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The Georgian era is a period in British history from to c. –37, named after the Hanoverian kings George I, George II, George III and George IV.
Table of contents
- Key stage 3
- Georgian England
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- Headlines - King's News Centre | King’s College London
- Independent culture newsletter
- Miakoda: Power Of The Moon.
- Georgian influence on society.
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Georgian entertainment: from pleasure gardens to blood sports Matthew White examines the variety of entertainment and leisure activities enjoyed in Georgian Britain. Poverty in Georgian Britain From the charitable relief of the Poor Law to the grim conditions of the workhouse, Matthew White examines attitudes to the poor in Georgian Britain. The rise of cities in the 18th century Cities expanded rapidly in 18th century Britain, with people flocking to them for work.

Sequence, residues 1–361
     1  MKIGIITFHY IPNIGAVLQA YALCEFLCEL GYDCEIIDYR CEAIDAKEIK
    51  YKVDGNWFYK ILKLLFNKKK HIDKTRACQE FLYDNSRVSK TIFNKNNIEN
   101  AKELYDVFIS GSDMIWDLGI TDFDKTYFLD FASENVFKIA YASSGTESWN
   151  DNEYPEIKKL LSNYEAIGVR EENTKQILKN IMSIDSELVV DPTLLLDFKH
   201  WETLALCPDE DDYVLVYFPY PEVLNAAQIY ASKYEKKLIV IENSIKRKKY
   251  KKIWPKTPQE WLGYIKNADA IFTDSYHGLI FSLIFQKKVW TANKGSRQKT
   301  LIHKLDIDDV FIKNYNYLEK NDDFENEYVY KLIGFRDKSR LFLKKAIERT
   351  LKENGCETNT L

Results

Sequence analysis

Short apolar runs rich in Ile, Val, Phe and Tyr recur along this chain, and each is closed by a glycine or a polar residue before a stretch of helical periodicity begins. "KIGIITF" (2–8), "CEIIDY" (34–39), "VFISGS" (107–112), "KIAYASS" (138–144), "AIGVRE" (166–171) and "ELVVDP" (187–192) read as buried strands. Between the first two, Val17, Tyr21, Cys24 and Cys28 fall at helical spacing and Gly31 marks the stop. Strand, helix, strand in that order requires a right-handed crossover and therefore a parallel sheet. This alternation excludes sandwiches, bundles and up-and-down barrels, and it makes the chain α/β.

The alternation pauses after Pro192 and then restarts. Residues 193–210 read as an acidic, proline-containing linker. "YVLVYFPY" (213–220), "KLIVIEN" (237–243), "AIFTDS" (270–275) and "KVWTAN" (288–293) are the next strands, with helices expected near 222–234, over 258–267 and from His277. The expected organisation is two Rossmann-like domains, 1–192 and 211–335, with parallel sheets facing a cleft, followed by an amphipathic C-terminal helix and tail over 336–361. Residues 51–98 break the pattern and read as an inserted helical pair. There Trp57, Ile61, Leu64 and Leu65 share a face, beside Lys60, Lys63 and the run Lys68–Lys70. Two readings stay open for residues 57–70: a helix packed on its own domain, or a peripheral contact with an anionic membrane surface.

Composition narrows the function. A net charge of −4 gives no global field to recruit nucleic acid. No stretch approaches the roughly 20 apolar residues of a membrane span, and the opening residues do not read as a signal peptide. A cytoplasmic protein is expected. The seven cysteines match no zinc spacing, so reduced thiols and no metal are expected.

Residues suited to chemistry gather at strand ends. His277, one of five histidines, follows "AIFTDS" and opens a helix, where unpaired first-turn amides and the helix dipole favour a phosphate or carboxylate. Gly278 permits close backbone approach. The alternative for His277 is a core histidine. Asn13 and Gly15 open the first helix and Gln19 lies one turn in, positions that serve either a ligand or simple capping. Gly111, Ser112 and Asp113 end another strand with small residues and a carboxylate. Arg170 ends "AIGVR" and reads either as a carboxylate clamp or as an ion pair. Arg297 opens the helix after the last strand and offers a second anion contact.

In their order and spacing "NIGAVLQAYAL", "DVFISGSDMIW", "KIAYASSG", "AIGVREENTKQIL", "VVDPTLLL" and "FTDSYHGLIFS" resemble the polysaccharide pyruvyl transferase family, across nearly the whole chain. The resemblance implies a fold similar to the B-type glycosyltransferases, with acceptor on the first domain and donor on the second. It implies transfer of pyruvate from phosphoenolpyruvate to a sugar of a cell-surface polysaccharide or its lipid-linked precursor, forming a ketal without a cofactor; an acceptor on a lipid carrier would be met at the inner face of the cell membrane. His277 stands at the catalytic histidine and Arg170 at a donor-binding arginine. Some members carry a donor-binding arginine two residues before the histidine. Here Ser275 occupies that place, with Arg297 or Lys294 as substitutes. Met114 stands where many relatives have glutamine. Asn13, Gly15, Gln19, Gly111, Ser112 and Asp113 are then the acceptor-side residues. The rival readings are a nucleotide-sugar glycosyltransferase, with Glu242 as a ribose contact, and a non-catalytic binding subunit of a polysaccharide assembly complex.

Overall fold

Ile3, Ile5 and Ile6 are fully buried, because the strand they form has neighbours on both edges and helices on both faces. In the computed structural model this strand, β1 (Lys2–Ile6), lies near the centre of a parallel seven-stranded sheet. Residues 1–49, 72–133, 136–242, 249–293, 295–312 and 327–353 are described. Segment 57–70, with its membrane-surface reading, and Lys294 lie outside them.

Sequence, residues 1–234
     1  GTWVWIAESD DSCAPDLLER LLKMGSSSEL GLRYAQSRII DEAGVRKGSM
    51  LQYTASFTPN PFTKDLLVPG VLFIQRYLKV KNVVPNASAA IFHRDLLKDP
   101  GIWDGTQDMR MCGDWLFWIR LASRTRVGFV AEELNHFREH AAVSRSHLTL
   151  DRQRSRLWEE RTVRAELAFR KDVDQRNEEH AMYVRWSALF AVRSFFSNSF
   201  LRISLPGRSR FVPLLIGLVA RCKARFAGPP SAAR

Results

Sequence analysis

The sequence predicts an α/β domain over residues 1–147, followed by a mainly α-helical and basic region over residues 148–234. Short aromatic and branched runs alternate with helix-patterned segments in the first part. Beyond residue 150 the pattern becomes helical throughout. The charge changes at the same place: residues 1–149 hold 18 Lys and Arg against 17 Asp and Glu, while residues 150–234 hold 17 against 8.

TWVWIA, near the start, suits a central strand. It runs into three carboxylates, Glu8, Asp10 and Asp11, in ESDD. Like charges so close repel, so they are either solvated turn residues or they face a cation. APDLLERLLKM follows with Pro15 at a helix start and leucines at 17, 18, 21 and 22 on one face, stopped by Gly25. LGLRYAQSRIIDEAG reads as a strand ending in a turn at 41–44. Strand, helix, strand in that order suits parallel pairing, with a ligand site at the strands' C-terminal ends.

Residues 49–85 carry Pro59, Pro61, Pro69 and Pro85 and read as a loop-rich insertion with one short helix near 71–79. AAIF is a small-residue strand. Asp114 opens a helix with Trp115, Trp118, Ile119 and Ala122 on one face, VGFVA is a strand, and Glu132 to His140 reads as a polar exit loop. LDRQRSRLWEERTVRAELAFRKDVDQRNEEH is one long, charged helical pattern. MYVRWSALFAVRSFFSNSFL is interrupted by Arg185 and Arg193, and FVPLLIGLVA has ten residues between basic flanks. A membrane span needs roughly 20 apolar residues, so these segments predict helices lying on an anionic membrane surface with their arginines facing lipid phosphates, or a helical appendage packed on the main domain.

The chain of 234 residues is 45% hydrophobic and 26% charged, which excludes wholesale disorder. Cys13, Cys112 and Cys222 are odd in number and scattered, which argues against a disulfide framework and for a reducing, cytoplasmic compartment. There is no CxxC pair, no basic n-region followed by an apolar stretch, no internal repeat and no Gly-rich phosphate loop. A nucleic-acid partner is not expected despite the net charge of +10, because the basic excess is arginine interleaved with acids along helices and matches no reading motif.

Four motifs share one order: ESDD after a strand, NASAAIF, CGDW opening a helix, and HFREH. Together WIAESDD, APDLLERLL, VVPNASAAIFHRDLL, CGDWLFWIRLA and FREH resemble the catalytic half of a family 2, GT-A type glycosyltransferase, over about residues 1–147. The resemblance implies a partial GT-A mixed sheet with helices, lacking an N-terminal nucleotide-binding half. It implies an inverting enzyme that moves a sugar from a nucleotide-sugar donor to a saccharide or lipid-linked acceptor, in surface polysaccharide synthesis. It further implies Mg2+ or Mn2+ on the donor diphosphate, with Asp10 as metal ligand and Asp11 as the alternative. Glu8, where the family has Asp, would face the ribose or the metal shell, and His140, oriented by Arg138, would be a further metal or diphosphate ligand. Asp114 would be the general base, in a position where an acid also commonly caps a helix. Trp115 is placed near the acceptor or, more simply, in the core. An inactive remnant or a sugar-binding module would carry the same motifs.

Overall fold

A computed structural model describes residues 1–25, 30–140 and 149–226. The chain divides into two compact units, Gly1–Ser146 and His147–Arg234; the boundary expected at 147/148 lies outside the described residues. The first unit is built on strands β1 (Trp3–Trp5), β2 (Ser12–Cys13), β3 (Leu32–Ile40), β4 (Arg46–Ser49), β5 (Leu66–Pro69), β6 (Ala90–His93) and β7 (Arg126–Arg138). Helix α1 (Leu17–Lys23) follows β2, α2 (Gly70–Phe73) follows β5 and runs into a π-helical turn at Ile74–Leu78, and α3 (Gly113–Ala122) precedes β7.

Collection items Explore the newspapers, books, illustrations, posters and political reports of the time, and much more The Frauds of London.
- Why Is She Smiling: study guide included.
- Flavor: Story 7!
- Si luniversité...cest nouveau pour vous ? (French Edition).
- The Christmas Event.
- Jane Austen’s fiction: an accurate portrayal of life in Georgian England?;
- Der Nabob: Band 1 (German Edition).
Two illustrations of 18th century textile production Entertainments on offer at Bartholomew Fair, Illustration of Bedlam, by William Hogarth, Illustration of Billingsgate Market. View all collection items. Share this page.
Key stage 3
Next year marks three centuries since the Hanoverian succession, the moment in when the crown of England, Scotland and Wales passed to a minor German princeling, George elector of Hanover. Who were the Georgians?
It's a question that seems to puzzle much of the general public. The BL's recent audience research suggests that period recognition is scanty. The BBC is confident of the pulling power of labels such as the Romans, the Tudors, the Victorians and the second world war, but any era that falls outside the embrace of the national curriculum, or the popular imagination, faces a tough time.